(6) In the reported case as Gul Muhammad v. The Force Commander and another 1999 SCMR 2935, a Full Bench of this Court, comprising three Judges having taken into consideration the ratio of two judgments of this Court, reported as Fasihuddin v. Khawar Latif Butt and others 1993 SCMR 1 and Force Commander, Airport Security Force, Karachi and others v. Haji Muhammad Rashid and another 1996 SCMR 1614, held that under above subsection (4) notwithstanding anything contained in any other law for the time being in force, jurisdiction of any Authority, Tribunal or Court to deal with an order passed by any officer of Airport Security Force, authorized under the Pakistan Army Act, 1952, was completely barred. Also it was held that after insertion of sub-clause (4) the ratio of just above-referred two judgments was not applicable. In other words, the Tribunal or for that matter any authority, except as mentioned in section 7(A), would have no jurisdiction to vary, modify, alter, annul, set aside, revise or review any order passed by an officer of the force authorised under the Pakistan Army Act, 1952.

(7) In the instant case, it is an admitted position that the appellant was dismissed by the Chief Security Officer, Airport Security Force, who is an officer of force within the meaning of Army Act, 1952. It being so, the Tribunal rightly declined to entertain the appeal for want of jurisdiction. No interference is warranted.”

In view of the dictum as laid down by this Court in the above mentioned cases it can be concluded safely that the learned Federal Service Tribunal has no jurisdiction to dilate upon and decide the departmental appeals preferred on behalf of the employees of Airport Security Force because jurisdiction of the Federal Service Tribunal has been ousted by means of newly-added section 7-A(4) in the Airports Security Force Act, 1975.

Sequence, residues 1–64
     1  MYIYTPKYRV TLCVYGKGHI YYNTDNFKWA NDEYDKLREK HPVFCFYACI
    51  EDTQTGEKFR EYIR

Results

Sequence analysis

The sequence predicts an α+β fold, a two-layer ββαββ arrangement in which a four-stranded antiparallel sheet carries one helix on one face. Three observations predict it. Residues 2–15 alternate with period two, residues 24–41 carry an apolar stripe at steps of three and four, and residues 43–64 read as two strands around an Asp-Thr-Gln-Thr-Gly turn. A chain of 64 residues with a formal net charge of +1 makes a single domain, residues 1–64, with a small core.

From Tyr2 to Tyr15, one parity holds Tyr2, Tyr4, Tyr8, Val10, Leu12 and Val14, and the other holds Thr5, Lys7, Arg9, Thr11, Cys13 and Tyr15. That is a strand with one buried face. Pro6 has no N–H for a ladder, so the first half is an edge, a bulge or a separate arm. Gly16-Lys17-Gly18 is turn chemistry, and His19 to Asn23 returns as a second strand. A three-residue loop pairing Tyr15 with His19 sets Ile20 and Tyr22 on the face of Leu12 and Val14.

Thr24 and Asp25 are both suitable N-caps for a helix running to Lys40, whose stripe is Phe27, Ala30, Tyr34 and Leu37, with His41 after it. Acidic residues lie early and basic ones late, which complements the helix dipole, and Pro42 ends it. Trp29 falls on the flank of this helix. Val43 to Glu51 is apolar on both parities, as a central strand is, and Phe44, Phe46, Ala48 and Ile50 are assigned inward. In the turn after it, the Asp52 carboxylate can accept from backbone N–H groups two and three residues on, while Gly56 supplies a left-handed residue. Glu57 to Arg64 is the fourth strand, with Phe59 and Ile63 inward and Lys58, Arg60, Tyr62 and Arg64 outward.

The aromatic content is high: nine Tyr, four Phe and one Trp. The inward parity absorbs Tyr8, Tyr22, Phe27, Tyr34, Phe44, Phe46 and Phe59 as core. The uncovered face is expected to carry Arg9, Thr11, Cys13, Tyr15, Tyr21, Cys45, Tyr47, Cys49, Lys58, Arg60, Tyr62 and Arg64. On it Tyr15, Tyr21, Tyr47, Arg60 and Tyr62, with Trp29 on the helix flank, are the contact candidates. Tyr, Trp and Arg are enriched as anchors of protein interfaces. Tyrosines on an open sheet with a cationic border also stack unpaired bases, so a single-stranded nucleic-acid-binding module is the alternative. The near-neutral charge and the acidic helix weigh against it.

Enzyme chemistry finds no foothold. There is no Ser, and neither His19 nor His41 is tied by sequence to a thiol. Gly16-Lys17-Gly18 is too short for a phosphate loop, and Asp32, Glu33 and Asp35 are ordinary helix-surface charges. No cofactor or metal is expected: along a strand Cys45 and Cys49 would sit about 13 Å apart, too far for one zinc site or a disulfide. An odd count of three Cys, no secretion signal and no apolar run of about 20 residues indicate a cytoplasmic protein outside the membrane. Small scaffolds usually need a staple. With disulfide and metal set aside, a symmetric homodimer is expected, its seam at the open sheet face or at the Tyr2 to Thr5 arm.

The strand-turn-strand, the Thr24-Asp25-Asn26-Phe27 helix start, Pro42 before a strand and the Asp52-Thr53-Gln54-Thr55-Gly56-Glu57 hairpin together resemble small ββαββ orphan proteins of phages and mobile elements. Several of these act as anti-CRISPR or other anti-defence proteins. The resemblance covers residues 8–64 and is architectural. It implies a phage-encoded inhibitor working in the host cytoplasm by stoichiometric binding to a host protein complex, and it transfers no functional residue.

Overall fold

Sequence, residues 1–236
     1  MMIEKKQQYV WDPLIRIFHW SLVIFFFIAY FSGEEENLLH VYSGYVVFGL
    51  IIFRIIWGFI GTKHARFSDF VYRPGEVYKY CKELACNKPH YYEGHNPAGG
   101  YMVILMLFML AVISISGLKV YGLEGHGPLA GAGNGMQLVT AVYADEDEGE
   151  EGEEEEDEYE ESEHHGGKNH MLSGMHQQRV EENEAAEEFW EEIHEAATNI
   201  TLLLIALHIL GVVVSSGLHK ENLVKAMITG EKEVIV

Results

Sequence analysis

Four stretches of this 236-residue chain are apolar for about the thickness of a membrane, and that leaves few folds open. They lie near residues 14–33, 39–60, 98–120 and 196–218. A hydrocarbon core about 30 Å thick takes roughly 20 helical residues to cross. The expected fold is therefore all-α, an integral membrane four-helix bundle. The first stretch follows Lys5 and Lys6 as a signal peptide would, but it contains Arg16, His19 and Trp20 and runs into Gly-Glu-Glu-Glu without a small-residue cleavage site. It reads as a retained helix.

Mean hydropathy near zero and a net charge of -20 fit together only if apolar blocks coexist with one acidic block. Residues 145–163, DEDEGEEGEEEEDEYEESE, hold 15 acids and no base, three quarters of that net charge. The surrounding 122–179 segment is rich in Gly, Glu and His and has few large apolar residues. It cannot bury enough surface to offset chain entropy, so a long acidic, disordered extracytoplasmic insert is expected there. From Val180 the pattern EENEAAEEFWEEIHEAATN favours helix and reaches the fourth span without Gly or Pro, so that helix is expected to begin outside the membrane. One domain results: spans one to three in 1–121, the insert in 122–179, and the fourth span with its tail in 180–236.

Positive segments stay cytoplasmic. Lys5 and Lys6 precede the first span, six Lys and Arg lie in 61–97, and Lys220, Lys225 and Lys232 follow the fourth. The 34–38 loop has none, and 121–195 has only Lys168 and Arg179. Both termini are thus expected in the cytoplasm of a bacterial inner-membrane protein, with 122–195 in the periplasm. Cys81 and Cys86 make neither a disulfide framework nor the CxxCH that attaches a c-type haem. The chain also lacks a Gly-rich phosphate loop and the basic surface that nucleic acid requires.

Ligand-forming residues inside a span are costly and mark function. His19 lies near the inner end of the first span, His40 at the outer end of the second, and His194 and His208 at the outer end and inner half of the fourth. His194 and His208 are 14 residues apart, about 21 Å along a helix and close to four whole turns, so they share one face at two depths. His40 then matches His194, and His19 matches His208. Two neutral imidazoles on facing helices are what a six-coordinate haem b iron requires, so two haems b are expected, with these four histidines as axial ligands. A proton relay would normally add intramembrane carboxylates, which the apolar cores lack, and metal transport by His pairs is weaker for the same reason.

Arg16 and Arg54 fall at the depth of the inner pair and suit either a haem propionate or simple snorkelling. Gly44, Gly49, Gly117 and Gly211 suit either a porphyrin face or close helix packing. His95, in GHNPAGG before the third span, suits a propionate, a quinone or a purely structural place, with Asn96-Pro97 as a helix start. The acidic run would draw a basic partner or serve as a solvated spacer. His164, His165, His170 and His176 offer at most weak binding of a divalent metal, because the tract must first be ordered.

9. We are not persuaded to agree with Mr. Kunwar Mukhtar Ahmed, learned Advocate Supreme Court on behalf of appellant that the right of appeal accrued in favour of the appellant cannot be extinguished even after the addition of section 7-A(4) of the Airports Security Force Act, 1975 which has not been made applicable with retrospective effect for the simple reason that the right of appeal by no stretch of imagination could survive after 27-11-1993 when the learned Service Tribunal had ceased jurisdiction after addition of section 7-A(4) of the Airports Security Force Act, 1975. It must not be lost sight of that the departmental appeal preferred on behalf of appellant was dismissed on 1-3-1994 when the learned Service Tribunal could not have been approached due to want of jurisdiction. It is pertinent to mention here that the addition of section 7-A was made in the Airports Security Force Act, 1975 by means of Airports Security Force (Amendment) Ordinance, 1984, the provisions enumerated therein have removed all the doubts regarding the status of employees of Airports Security Force who are subject to the Pakistan Army Act, 1952 for all practical and disciplinary purposes. The grievance of appellant, if any, could only be redressed by approaching the forum available in the hierarchy of the Pakistan Army Act, 1952, Airports Security Force Act, 1975 and rules made thereunder irrespective of the nature of proceedings as no line of distinction has been drawn between disciplinary action and the administrative action. There would be no logic behind the idea that disciplinary proceedings should be initiated under the Civil Servant Act and the rules made thereunder and the administrative action should be taken under the Pakistan Army Act, 1952 and Airports Security Force Act, 1975 as pressed time and again by the learned counsel on behalf of appellant. It is not disputed that Mrs. Mushtar Jahan (appellant) was serving as Security Officer in the Airport Security Force and order of her compulsory retirement was made by the Force Commander, Airport Security Force who is admittedly not a Civil Officer pursuant to Rule 9-B read with AR(R) Vol.I 263-269. The appellant was admittedly a member of the Airport Security Force and subject to the provisions of Pakistan Army Act, 1952 and Airports Security Force Act, 1975 and therefore, the learned Service Tribunal would have no jurisdiction to entertain her appeal which has rightly been rejected due to want of jurisdiction.